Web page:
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" Where this is the case in any part of the world, those who are free are by far the most proud and jealous of their freedom. Freedom is to them not only an enjoyment, but a kind of rank and privilege. "
The Works of the Right Honourable Edmund Burke: A vindication of natural ... - Page 467
by Edmund Burke - 1889
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The Jacksonian Epoch

Charles Henry Peck - 1899 - 494 pages
...191. Edmund Burke's explanation is more profound. In speaking of the Southern colonies, he said : " Freedom is to them not only an enjoyment, but a kind of rank and privilege. ... In such a people the haughtiness of domination combines with the spirit of freedom, fortifies it,...
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Speech of Edmund Burke on Conciliation with the Colonies

Edmund Burke - 1900 - 274 pages
...northward. It is, that in Virginia and the Carolinas they have a vast multitude of slaves. Where this is the case in any part of the world, those who are...by far the most proud and jealous of their freedom. 675 Freedom is to them not only an enjoyment, but a kind of rank and privilege. Not seeing there, that...
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Edmund Burke's Speech on Conciliation with the American Colonies: Delivered ...

Edmund Burke - 1900 - 464 pages
...northward. It is that in Virginia and the Carolinas they have a vast multitude of slaves. Where this is the case in any part of the world, those who are free are by far~the most proud and jealous of tlieiFfreedom.^ FreeoTbm~iiTto them not only an enjoyment, but a...
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Conciliation with the American Colonies

Edmund Burke - 1900 - 136 pages
...northward. It is, that in Virginia and the Carolinas they have avast multitude of slaves. Where this is the case in any part of the world, those who are free, 15 are by far the most proud and jealous of their freedom. Freedom is to them not only an enjoyment,...
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Writings and Speeches, Volume 2

Edmund Burke - 1901 - 608 pages
...northward. It is, that in Virginia and the Carolinas they have a vast multitude, of slaves. Where this is the case in any part of the world, those who are...seeing there, that freedom, as in countries where it.is a common blessing, and as broad and general as iffe'air, may be united with much abject toil,...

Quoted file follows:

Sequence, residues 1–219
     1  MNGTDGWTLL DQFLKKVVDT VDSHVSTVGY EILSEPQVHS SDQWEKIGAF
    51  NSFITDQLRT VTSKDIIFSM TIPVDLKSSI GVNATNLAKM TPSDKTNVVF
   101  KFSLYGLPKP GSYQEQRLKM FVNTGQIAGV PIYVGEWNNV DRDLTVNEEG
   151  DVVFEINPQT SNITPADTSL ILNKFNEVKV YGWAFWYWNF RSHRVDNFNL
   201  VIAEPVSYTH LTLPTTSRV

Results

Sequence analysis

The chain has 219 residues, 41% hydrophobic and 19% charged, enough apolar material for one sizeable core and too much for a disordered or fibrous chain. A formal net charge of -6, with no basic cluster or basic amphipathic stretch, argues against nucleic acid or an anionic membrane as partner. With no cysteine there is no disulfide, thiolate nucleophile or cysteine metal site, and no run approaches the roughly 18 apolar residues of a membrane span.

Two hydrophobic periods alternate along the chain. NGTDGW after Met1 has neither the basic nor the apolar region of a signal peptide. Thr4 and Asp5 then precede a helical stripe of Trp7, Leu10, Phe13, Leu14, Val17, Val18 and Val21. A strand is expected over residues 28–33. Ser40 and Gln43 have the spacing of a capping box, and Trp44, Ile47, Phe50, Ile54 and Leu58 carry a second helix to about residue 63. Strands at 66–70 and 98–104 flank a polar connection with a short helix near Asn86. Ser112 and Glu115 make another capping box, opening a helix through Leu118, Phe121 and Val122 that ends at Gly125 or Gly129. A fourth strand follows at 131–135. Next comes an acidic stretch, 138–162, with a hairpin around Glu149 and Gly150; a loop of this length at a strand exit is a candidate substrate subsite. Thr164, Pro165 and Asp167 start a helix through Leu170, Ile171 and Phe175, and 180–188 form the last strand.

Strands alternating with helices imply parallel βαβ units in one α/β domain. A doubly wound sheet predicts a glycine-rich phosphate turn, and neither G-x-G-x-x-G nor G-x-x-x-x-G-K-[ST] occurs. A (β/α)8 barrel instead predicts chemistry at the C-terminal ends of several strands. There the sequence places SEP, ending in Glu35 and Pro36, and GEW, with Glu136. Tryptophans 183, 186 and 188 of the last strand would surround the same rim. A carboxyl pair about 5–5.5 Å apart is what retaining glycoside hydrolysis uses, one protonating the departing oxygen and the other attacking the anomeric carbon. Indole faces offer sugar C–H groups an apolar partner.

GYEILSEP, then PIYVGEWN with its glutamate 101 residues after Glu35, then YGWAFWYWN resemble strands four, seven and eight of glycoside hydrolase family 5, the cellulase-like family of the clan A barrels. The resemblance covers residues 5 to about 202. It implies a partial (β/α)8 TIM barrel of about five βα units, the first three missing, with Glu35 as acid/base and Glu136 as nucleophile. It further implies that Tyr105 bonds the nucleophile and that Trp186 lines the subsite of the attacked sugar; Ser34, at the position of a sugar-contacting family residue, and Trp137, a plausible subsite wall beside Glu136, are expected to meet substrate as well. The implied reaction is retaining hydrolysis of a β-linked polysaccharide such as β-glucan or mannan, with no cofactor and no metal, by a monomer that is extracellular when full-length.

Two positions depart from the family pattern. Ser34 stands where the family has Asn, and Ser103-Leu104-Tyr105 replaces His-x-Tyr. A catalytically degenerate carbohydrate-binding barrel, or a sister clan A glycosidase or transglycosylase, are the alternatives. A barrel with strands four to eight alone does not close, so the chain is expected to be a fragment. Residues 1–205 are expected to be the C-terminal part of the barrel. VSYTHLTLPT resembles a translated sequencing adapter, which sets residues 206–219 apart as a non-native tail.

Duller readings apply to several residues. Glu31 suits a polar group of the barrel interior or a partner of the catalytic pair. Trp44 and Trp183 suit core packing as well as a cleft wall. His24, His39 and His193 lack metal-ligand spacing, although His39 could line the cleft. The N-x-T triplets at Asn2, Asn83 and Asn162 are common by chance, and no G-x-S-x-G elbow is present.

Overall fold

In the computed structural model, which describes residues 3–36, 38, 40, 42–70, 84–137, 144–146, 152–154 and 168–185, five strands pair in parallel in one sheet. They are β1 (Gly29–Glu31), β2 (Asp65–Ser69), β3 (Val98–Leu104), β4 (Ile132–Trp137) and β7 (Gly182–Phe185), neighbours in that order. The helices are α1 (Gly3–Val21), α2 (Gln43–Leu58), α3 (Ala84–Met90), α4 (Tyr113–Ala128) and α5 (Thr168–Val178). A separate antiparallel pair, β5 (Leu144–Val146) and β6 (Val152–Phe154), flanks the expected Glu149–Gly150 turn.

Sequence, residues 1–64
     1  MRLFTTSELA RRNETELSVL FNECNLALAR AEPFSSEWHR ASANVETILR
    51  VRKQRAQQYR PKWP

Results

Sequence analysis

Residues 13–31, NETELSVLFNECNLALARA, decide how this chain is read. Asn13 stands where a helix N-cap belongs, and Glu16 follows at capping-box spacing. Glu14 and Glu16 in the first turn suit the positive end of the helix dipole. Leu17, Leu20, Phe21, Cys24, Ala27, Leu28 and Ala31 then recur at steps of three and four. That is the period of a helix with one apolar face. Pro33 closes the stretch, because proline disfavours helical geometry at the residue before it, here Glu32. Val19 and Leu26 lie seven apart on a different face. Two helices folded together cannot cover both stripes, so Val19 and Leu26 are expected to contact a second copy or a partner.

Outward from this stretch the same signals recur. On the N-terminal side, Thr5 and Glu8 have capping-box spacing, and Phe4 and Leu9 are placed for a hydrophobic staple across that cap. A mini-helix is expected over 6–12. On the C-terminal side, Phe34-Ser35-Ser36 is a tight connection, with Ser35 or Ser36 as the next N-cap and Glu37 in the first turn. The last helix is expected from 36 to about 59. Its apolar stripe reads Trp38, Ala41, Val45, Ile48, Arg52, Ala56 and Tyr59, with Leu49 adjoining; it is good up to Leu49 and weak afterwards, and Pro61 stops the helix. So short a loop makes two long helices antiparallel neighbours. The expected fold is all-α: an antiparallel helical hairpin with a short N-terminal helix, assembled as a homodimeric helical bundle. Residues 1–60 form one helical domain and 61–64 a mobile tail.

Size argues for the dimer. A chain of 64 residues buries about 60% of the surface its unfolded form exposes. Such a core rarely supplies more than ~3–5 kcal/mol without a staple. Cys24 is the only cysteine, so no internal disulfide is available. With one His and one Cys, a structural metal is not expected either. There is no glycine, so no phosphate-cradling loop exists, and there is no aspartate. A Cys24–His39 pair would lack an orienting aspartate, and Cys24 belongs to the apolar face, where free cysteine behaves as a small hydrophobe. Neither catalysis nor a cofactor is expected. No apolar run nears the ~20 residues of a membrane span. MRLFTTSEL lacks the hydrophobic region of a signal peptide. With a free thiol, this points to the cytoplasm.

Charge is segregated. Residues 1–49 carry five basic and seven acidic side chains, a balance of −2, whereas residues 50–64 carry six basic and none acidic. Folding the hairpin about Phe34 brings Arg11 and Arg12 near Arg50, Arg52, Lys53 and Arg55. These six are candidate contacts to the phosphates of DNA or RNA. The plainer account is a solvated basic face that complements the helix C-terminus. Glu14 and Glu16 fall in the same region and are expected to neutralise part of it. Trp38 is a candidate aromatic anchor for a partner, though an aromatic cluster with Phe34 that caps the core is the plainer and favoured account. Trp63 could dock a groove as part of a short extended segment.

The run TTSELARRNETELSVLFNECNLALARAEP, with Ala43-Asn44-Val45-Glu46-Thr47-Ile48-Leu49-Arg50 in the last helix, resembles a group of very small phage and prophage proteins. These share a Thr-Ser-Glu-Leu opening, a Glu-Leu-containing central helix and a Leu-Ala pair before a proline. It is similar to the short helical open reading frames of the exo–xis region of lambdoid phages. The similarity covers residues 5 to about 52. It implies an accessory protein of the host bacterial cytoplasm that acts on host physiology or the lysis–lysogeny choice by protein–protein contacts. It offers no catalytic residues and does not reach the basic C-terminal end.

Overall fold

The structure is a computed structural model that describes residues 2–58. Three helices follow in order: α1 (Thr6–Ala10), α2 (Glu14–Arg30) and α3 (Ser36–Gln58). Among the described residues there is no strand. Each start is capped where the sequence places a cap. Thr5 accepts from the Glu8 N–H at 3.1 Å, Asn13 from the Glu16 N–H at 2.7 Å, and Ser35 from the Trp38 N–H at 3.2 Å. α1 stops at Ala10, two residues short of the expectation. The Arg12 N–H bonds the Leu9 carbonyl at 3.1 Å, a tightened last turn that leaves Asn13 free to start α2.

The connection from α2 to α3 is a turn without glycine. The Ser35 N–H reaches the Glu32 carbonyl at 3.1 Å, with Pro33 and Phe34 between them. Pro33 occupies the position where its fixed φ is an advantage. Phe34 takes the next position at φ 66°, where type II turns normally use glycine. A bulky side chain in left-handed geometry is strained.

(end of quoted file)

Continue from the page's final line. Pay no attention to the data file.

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The World's Great Masterpieces: History, Biography, Science ..., Volume 30

Harry Thurston Peck, Frank R. Stockton, Julian Hawthorne - 1901 - 450 pages
...a vast multitude of slaves, said Burke, with his habitual profound insight into political forces, " those who are free are by far the most proud and jealous...in countries where it is a common blessing, and as 1 By permission of Longmans, Green. & Co. broad and general as the air, may be united with much abject...
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Speech on Conciliation with America

Edmund Burke - 1901 - 186 pages
...of the world, those who are free are by far the most proud and jealous of their freedom. Free15 dom is to them not only an enjoyment, but a kind of rank...as broad and general as the air, may be united with riuch abject toil, with great misery, with all the exterior of servitude, 20 liberty looks, amongst...
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Harper's Encyclopædia of United States History from 458 A.D. to 1902, Volume 4

Benson John Lossing - 1901 - 522 pages
...the northward. It is that in Virginia and the Carolinas they have a vast number of slaves. Where this is the case in any part of the world, those who are...jealous of their freedom. Freedom is to them not only enjoyment, but a kind of rank and privilege. Not seeing there thut freedom, as in countries where it...
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Orations and Addresses

Richard Salter Storrs - 1901 - 600 pages
...than in others, because they had a multitude of slaves; and "where this is the case," he affirmed, " in any part of the world, those who are free, are...by far the most proud and jealous of their freedom. . . . The haughtiness of domination combines with the spirit of freedom, fortifies it, and renders...
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Speech on Conciliation with America

Edmund Burke - 1901 - 182 pages
...can be fully appreciated only by those readers to whom the half-quoted phrases are familiar. Freedom is a "common blessing, and as broad and general as the air"; "Clouds indeed and darkness rest upon the future"; "When the day-star of the English constitution had...
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